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Feast of St. Mark, Evangelist

Mark 16:15-20

And he said to them, “Go into all the world and proclaim the good news to the whole creation. The one who believes and is baptized will be saved; but the one who does not believe will be condemned. And these signs will accompany those who believe: by using my name they will cast out demons; they will speak in new tongues; they will pick up snakes in their hands, and if they drink any deadly thing, it will not hurt them; they will lay their hands on the sick, and they will recover.”

So then the Lord Jesus, after he had spoken to them, was taken up into heaven and sat down at the right hand of God. And they went out and proclaimed the good news everywhere, while the Lord worked with them and confirmed the message by the signs that accompanied it.

New Revised Standard Version, copyright 1989, by the National Council of the Churches of Christ in the United States of America. Used by permission. All rights reserved. USCCB approved.


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Our mission from Jesus

Today we celebrate the Feast of St. Mark the evangelist. The Gospel of Mark concludes with words of mission for all followers of Christ, words that we might hear anew in this way:

Jesus appeared to the Eleven and said to them:

“Go into the whole world and proclaim the Gospel to every creature. Be authentic so that the words you preach and the actions you take may be received as Good News.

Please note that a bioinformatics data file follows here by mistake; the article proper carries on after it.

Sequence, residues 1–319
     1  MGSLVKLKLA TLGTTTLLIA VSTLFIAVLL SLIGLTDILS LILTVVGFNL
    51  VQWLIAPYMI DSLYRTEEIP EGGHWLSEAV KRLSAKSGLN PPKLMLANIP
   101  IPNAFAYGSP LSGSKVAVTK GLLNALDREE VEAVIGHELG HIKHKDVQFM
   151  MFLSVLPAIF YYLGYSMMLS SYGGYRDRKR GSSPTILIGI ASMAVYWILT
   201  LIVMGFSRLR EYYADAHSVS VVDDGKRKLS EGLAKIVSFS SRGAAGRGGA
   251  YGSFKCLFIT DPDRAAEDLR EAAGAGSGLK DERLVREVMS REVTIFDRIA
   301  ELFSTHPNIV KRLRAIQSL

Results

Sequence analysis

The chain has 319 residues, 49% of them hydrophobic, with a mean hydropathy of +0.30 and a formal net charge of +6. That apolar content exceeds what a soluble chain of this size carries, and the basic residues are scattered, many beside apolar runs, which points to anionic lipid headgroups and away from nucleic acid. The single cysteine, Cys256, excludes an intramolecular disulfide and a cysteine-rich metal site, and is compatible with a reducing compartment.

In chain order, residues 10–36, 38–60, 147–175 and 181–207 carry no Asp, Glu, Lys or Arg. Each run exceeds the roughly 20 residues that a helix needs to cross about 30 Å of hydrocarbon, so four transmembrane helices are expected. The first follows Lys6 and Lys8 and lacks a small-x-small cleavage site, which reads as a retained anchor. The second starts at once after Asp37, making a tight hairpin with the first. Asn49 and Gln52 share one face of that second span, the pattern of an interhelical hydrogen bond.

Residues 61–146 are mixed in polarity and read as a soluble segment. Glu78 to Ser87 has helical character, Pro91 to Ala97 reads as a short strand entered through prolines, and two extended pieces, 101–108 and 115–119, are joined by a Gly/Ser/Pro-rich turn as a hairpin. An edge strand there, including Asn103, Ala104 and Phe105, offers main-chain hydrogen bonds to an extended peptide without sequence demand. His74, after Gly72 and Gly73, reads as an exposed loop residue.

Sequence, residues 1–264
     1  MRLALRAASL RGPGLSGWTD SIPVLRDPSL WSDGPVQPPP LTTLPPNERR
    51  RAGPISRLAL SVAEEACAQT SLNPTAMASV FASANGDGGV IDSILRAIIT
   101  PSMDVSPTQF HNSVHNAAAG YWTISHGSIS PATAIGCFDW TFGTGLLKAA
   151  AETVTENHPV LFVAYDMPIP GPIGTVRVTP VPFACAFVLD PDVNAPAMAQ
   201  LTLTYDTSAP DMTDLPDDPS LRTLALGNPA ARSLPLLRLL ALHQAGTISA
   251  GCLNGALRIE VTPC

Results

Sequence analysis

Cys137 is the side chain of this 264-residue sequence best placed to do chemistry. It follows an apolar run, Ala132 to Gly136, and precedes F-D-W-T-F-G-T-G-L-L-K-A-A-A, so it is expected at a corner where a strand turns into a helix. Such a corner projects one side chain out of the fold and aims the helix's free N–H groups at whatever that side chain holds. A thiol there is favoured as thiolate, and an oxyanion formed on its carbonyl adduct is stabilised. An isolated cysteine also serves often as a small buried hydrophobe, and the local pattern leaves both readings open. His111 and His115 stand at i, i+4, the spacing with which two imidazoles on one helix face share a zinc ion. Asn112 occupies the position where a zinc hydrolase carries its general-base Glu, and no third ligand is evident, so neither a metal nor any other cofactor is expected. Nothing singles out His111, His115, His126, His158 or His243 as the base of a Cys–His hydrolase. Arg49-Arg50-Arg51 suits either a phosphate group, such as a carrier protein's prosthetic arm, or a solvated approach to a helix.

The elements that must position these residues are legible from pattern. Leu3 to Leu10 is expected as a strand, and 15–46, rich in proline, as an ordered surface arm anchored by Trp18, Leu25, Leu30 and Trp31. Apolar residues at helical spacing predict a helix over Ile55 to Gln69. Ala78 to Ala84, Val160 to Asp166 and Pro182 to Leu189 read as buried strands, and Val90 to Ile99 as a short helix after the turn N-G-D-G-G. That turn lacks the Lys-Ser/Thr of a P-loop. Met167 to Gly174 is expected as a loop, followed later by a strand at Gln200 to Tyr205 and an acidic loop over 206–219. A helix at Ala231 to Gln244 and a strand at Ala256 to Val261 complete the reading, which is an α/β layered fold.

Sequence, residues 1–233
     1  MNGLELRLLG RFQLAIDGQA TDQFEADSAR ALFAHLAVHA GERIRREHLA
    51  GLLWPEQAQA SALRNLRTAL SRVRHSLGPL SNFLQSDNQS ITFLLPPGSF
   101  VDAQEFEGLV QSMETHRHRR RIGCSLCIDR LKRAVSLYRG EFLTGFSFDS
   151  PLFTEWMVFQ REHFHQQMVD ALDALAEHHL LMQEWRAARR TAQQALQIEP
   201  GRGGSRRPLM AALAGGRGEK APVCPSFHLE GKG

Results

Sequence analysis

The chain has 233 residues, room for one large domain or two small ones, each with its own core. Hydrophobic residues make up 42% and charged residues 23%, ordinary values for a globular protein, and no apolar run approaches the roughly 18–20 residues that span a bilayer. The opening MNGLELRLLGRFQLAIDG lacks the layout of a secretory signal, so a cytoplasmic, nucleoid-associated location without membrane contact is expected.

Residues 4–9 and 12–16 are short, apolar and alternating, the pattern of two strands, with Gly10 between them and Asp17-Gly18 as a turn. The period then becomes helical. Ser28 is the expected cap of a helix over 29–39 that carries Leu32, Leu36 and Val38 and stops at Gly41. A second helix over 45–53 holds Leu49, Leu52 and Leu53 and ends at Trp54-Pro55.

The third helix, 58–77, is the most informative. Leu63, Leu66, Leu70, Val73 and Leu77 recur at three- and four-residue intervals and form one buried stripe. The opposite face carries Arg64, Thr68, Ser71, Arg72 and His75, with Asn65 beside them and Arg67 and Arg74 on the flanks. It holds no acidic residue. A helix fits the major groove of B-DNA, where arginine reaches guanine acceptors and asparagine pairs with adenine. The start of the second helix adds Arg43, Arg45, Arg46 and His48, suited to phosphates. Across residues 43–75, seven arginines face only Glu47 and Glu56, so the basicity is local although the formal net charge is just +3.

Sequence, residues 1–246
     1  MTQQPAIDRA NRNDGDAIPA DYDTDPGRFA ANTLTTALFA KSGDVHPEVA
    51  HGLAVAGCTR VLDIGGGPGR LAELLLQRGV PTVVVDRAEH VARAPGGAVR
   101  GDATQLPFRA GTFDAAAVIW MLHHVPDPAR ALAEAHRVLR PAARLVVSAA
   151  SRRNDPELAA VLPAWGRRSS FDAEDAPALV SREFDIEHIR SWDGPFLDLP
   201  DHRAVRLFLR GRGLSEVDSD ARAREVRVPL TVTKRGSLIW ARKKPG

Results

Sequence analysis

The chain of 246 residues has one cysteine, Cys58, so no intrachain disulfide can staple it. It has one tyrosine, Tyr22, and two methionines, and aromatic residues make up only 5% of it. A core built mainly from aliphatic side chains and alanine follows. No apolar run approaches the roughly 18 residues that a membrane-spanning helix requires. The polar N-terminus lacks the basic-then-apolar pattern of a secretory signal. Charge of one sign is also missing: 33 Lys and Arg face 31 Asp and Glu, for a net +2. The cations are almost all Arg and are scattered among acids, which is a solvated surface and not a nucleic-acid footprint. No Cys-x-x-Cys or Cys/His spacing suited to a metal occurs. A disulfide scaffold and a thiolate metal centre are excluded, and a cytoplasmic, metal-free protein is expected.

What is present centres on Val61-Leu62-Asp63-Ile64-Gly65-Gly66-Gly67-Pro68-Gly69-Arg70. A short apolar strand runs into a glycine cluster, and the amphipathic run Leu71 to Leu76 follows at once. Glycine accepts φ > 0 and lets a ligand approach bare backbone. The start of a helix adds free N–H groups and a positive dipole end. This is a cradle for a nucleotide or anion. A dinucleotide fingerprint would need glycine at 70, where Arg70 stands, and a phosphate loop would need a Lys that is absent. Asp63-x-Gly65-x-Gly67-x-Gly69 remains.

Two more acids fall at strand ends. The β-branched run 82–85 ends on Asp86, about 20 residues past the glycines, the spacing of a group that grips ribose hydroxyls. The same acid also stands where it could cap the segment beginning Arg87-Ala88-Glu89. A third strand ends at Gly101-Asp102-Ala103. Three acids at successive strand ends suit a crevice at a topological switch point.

These signs will accompany those who receive and are transformed by the gift of faith:

Because they know me they will not permit pessimism, gossip, or the illusion of self-sufficiency to take control of their lives; 
Because they love me they will speak new languages so that they can better communicate with and understand others;
Because they follow me they will handle things that otherwise would be too ‘dirty’ or too ‘beyond the norm.’

They will lay hands on the sick, invite the lonely to share a meal, and practice patience with themselves and others.”

What signs speak to you of one who is transformed by the gift of faith?

—Sr. Jessica Kerber, aci is a Handmaid of the Sacred Heart of Jesus, a women’s congregation of Ignatian Spirituality that is a member of the Charis Ministries Partner Program.


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Lord Jesus, as you appeared to the disciples, encouraging them and sending them forth, so also you have made yourself known to me. Knowing you is my greatest gift. May my words speak of hope and my actions speak of love so that others too may have the chance to know you, for knowing you they will love you, and from there, all else changes.

—Sr. Jessica Kerber, aci



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Welcome to PrayLA

As a Jesuit school, Loyola Academy is rooted in the spirituality of St. Ignatius of Loyola. Daily prayer was an essential tool by which Ignatius reflected on his life and deepened his relationship with Christ.